[Datetime-SIG] Another round on error-checking
tim.peters at gmail.com
Thu Sep 3 02:39:41 CEST 2015
We should be clearer about something up front: there are _two_
notions of "backward compatibility" here:
1. After PEP 495 is implemented but before any 495-compliant tzinfos exist.
2. After PEP 495 is implemented and the user explicitly employs a
There are few potential issues under #1, but - alas - not none, and -
double alas - none of them would be altered by any kind of flag or
inheritance pattern on tzinfos.
Under #1, no tzinfos know anything about `fold`, so little _could_
possibly change. Users can explicitly set fold=1, and if so they
deserve whatever they get ;-) But, as I read the PEP, there are 3
places Python may force fold=1 all on its own, all based on Python's
own (independent of any tzinfo) idea of the local timezone:
A. datetime.fromtimestamp() without a trzinfo argument.
[The PEP doesn't mention #C, but it probably should (it's defined to
be equivalent to passing time.time() to #A)]
Since none of these consult a tzinfo, they can start producing fold=1
immediately, and nothing can stop that.
So I take almost everything back ;-)
1. No trick with tzinfos can make a lick of difference to what A/B/C
will do from the start.
2. Because of #1, the idea of explicitly saying "I want a fold-aware
tzinfo" is the same thing as using a 495-compliant tzinfo. Keep using
pre-495 tzinfos, and A/B/C remain your only worries.
But they're minor worries at worst, since in #1 no tzinfos pay any
attention to `fold` - the fundamental .utcoffset() in a pre-495 tzinfo
is oblivious to `fold`.
BTW, it may be useful to add a standardized (by the PEP) way for a
tzinfo to _say_ "I implement 495". Like a magic new attribute. Then
code that cares could use hasattr() to refuse or require using
> One reason to conflate with arithmetic is to limit the number of mental
> models people have to comprehend. If we conflate, there would be two
> models: "naive model" and "timeline model", and the choice between them
> would be controlled by one flag.
> I think that's already more than enough complexity for most people, but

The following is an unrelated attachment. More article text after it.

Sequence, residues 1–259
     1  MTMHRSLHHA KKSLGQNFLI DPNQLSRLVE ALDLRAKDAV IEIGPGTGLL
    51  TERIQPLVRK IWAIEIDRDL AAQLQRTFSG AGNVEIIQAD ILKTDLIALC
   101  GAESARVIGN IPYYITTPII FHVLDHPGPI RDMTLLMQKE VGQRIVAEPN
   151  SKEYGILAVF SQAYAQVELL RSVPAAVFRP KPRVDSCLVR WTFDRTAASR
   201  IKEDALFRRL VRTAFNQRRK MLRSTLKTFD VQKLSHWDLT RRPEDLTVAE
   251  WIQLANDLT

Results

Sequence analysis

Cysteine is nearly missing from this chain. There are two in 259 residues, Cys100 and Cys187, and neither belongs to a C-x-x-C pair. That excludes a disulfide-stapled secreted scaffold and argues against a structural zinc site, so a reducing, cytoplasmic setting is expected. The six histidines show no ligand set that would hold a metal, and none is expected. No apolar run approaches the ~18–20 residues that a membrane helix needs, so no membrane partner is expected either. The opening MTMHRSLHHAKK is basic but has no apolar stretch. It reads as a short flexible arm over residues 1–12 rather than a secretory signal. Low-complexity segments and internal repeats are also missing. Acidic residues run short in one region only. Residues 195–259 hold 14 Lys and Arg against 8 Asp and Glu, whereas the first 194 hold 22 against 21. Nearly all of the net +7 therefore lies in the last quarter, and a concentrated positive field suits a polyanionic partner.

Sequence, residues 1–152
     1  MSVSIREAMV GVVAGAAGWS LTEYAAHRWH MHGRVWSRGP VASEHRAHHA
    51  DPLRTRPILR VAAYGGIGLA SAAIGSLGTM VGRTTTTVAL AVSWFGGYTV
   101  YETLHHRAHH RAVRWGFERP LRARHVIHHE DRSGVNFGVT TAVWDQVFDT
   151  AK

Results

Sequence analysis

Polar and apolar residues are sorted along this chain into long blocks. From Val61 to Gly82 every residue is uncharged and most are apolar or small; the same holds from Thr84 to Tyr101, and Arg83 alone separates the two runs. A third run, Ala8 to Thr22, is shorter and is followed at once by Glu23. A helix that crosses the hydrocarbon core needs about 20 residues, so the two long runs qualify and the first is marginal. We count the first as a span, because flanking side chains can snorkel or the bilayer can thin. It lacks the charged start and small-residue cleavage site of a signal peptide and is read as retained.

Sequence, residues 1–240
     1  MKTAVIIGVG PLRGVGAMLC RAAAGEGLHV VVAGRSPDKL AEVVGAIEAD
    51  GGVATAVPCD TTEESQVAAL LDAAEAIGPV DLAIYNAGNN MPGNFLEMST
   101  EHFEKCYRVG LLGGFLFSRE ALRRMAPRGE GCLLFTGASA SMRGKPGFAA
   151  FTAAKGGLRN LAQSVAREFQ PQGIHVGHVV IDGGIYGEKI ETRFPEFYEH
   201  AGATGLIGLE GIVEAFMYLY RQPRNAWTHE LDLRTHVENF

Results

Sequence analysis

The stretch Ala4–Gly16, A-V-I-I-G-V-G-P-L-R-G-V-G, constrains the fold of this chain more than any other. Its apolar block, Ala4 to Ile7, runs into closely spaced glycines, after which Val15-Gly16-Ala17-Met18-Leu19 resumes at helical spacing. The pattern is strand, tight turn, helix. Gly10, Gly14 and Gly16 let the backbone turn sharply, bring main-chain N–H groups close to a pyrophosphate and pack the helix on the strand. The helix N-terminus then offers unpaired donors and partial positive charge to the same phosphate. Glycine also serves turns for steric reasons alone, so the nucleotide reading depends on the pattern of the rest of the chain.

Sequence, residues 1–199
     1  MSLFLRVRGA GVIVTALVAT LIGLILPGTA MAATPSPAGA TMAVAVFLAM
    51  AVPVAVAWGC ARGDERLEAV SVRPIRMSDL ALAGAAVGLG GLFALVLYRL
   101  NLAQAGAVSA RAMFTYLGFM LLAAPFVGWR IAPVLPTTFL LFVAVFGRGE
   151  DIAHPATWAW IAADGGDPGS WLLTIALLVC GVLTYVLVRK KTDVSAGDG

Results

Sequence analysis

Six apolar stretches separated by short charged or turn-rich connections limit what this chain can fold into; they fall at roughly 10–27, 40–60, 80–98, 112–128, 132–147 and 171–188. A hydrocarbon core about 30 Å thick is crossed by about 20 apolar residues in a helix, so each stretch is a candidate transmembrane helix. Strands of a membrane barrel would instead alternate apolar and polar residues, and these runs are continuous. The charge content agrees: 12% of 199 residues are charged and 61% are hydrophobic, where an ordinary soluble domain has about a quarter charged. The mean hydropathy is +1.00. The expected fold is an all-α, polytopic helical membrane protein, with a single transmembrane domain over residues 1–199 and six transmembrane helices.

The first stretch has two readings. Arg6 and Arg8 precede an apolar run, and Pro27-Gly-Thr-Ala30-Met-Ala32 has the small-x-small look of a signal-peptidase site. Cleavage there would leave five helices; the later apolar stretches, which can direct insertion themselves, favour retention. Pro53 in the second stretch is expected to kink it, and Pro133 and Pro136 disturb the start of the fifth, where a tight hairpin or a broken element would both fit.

> it's simplicity itself compared to the possibility that we could end up
> with three models: "naive model", "timeline model for conversions but
> still naive for arithmetic", and "timeline model".
> ISTM the second is too confusing and inconsistent in its view of the
> world to be featured as a primary mode; if someone really needs it, it'd
> be easy enough to write functions to do fast naive arithmetic on
> strict-aware datetimes (strip the tzinfo, then add it back). (The
> write-your-own-function argument can go both ways! ;)
It was always intended that users who wanted timeline arithmetic work
in UTC instead. Everyone agrees that's best practice for many
reasons. "Even Stuart" ;-) will agree with the latter.
As to using functions, they're not symmetric situations: classic
arithmetic is very fast, so fast that the overheads of calling a
function and mucking around with stripping/reattaching tzinfos would
be a major speed hit. timeline arithmetic is so slow that hardly
matters. But work in UTC, as intended, and timeline arithmetic is the
same thing as classic arithmetic, so is also very fast when performed
the intended way.
> The fact that that even has to be a question illustrates how
> "timeline-mode conversions with fold disambiguation, but naive model for
> arithmetic" remains a problematic split-brain model that leads to
I'm more inclined now to see it as an illustration that Alex's view is
right: datetime +/- timedelta should indeed ignore fold. If I wanted
timeline arithmetic, I should have been working in UTC from the start
>> I'm still to keen to push timeline arithmetic off to a later PEP. It
>> doesn't have to be addressed to solve 495's problems.
> I think you've convincingly demonstrated in this thread that
> conversions, equality, comparisons, and arithmetic _are_ all
> fundamentally linked. If you try to cut them apart and handle some with
> a timeline model and some with a naive model, you'll have to violate a
> reasonably-expected invariant _somewhere_.
Python already did, using timeline arithmetic for cross-zone
subtraction and comparisons, and (necessarily so) for timezone
conversions, but classic arithmetic for all other intrazone
computations. Mucking with that old model really does belong in a
different PEP. We're having quite enough pain already just figuring
out what can go wrong with a single new bit ;-)
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